OPINION OF THE COURT
CAROL BERKMAN, J.
Defendant, indicted for murder in the first degree (intentional murder in the course of a robbery), murder in the second degree and robbery in the first degree, has moved for an order dismissing the indictment and compelling the People to re-present to a new grand jury and, in re-presenting, to instruct on manslaughter in the second degree pursuant to Penal Law § 125.15 (3).
The original presentation was factually sufficient and procedurally proper. The defense agrees that the People did not knowingly present false evidence and did not fail to present exculpatory evidence then known to the prosecution. The indictment is proper in form. The sole ground for dismissal remaining, pursuant to article 210 of the Criminal Procedure Law, is a dismissal in the interests of justice with leave to re-present. While the evidence at trial may present additional facts, at this point a dismissal in the interests of justice is not warranted.
Penal Law § 125.15: "A person is guilty of manslaughter in the second degree when: . . . 3. He intentionally causes or aids another person to commit suicide."
Penal Law § 125.25:
The defendant's statement to the police (summarized at greater length in footnote 2) is to the effect that he participated in killing the deceased, at the request of the deceased. Contrary to the defense position, this statement makes out murder, not assisted suicide. The report of Governor Cuomo's blue ribbon panel, on which the defense relies, recognizes that such conduct constitutes murder: "Euthanasia, however, falls under the definition of second-degree murder, as the defendant intentionally causes the death of the victim through his or her direct acts. Because the consent of the victim is not a defense to murder, euthanasia is therefore prosecutable as murder in the second degree." (Task Force on Life and the Law, When Death is Sought: Assisted Suicide and Euthanasia in the Medical Context, ch 4, at 63 [May 1994].)
The Task Force report recognizes that "there are no reported cases in New York dealing with murder-by-consent, courts in other states have routinely rejected defendants' requests to instruct the jury on the lesser crime of assisted suicide, rather than murder, where the victim has consented to the defendant's acts." (Id.)
2 LaFave, Substantive Criminal Law § 15.6 is to the same effect. "Such [attempted suicide] statutes typically do `not contemplate active participation by one in the overt act directly causing death,' and thus their existence is no barrier to a murder conviction in such circumstances" (id. § 15.6 [c], at 547, citing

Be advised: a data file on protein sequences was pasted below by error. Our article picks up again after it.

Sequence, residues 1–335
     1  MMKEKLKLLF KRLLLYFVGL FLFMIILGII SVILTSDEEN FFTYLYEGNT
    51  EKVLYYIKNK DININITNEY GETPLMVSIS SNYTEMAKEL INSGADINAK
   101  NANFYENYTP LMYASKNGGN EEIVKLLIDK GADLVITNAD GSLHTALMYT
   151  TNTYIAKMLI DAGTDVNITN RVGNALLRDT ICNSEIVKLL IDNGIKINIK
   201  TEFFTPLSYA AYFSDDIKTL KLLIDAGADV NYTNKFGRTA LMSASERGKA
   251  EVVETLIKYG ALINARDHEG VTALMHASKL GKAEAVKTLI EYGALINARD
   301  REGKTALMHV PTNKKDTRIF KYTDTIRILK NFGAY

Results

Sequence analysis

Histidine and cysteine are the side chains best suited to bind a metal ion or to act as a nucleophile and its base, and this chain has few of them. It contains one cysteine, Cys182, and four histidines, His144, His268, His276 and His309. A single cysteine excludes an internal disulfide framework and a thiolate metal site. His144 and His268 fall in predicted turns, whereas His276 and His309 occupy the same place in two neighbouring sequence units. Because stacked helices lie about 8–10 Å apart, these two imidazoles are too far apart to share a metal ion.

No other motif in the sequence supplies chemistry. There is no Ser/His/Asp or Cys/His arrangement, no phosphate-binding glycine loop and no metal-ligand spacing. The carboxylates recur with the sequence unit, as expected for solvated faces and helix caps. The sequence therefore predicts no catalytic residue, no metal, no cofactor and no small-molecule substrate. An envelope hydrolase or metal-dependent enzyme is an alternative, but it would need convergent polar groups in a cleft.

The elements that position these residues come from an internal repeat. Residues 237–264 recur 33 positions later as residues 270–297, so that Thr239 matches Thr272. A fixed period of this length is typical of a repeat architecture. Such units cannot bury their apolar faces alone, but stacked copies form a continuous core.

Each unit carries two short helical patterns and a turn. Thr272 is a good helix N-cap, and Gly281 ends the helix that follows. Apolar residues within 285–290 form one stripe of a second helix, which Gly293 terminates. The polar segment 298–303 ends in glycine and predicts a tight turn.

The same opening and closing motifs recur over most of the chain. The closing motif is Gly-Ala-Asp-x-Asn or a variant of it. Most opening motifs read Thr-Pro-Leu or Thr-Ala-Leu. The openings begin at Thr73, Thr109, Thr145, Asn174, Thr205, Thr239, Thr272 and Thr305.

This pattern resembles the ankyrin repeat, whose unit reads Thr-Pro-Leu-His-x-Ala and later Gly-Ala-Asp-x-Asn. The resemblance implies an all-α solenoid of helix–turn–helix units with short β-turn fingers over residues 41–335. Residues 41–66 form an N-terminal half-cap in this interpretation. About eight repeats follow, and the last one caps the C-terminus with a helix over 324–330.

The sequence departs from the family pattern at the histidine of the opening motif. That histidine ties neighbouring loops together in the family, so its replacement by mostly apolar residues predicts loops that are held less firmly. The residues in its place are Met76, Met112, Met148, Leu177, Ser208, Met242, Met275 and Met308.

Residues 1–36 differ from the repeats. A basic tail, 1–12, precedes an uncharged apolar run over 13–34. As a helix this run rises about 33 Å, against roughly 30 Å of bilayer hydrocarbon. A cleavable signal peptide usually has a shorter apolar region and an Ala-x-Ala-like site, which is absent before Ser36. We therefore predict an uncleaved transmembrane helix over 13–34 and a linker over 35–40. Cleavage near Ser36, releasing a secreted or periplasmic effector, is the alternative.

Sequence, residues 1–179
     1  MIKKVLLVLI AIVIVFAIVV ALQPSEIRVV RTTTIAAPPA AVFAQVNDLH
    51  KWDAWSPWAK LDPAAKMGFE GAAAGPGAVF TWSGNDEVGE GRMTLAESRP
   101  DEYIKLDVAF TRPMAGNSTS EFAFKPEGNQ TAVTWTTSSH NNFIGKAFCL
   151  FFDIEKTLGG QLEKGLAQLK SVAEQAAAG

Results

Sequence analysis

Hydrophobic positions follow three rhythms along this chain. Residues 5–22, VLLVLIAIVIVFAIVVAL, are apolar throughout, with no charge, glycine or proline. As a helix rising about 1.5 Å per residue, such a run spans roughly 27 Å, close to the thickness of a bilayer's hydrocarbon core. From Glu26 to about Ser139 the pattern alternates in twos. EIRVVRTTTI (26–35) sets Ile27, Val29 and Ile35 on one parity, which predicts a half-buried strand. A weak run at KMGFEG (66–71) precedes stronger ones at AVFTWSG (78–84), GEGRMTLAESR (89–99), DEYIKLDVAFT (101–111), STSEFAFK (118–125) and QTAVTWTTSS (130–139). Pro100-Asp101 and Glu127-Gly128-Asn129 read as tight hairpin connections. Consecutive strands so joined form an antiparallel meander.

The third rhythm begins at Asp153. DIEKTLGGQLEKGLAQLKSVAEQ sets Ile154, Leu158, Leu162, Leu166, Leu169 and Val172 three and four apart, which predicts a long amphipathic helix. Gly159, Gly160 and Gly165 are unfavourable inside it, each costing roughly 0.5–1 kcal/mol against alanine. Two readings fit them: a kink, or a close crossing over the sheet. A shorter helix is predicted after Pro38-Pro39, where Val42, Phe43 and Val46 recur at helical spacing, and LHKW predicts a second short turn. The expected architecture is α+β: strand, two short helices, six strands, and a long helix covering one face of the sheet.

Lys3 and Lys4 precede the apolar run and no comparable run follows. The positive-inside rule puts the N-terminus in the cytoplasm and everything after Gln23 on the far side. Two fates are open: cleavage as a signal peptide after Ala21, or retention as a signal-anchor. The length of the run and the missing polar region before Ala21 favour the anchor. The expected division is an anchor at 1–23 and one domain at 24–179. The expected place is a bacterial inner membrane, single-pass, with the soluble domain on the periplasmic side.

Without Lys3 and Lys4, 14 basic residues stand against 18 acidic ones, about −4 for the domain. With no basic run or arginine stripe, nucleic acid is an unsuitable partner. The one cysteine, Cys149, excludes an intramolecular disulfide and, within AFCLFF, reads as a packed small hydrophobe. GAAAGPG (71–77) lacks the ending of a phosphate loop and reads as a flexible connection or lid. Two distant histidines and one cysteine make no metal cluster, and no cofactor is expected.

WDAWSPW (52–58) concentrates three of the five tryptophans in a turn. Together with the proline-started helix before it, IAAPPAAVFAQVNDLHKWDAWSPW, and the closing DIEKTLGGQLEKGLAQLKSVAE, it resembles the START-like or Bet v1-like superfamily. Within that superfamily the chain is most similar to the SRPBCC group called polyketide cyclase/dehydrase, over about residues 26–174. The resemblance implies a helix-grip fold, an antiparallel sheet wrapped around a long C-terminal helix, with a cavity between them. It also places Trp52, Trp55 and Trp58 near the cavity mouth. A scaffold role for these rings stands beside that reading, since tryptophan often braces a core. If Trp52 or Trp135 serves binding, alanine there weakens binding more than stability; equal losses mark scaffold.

Shaffer's article disagrees with the various decisions holding active participation in a suicide to be murder, and proposes that many of the defendants were acting out of compassion, and some out of fear and/or compassion, rather than malice or for their own profit. Nonetheless, she has to concede (at 360-364) that every reported decision at the time of the writing so holds. Nor has any court been persuaded to this view in the years since the article appeared. Courts continue to adhere to the rule that active participation in the killing of another, even with the consent of the deceased, is murder.
Accepting defendant's version that he held the knife as the victim thrust himself upon it, and moved the knife so that the victim's thrusts might have a more deadly effect, this is active participation in the act causing death.
In State v Sexson (117 N.M. 113, 115, 869 P.2d 301, 303 ), the defendant claimed he merely held the rifle in position while the victim pulled the trigger. The court discussed the difference between murder and aiding suicide as turning on whether the defendant actively participated in the overt act directly causing death, and concluded that "holding the rifle in a position calculated to assure Victim's death ... transcends merely providing Victim a means to kill herself and becomes active participation in the death of another." (117 NM at 117, 869 P2d at 305; but see Fister ex rel. Estate of Fister v Allstate Life Ins. Co., 366 Md. 201, 212 n 8, 783 A.2d 194, 201 n 8  ["Had Goldman only held the shotgun while Fister pulled the trigger, this could have been construed as participation `in a physical act by which another person commits or attempts to commit suicide' .... By pulling the trigger, however, Goldman has no longer `assisted' a person in killing herself"].)
Similarly, in People v Cleaves (229 Cal.App.3d 367, 280 Cal.Rptr. 146 ), the defendant tied a bathrobe sash around the
In sum, the law does not permit a person to consent to his own murder. That consent does not transform an active killing of another into a suicide. The interests of justice accordingly do not require a re-presentation of this matter to a grand jury and the defense motion is accordingly denied.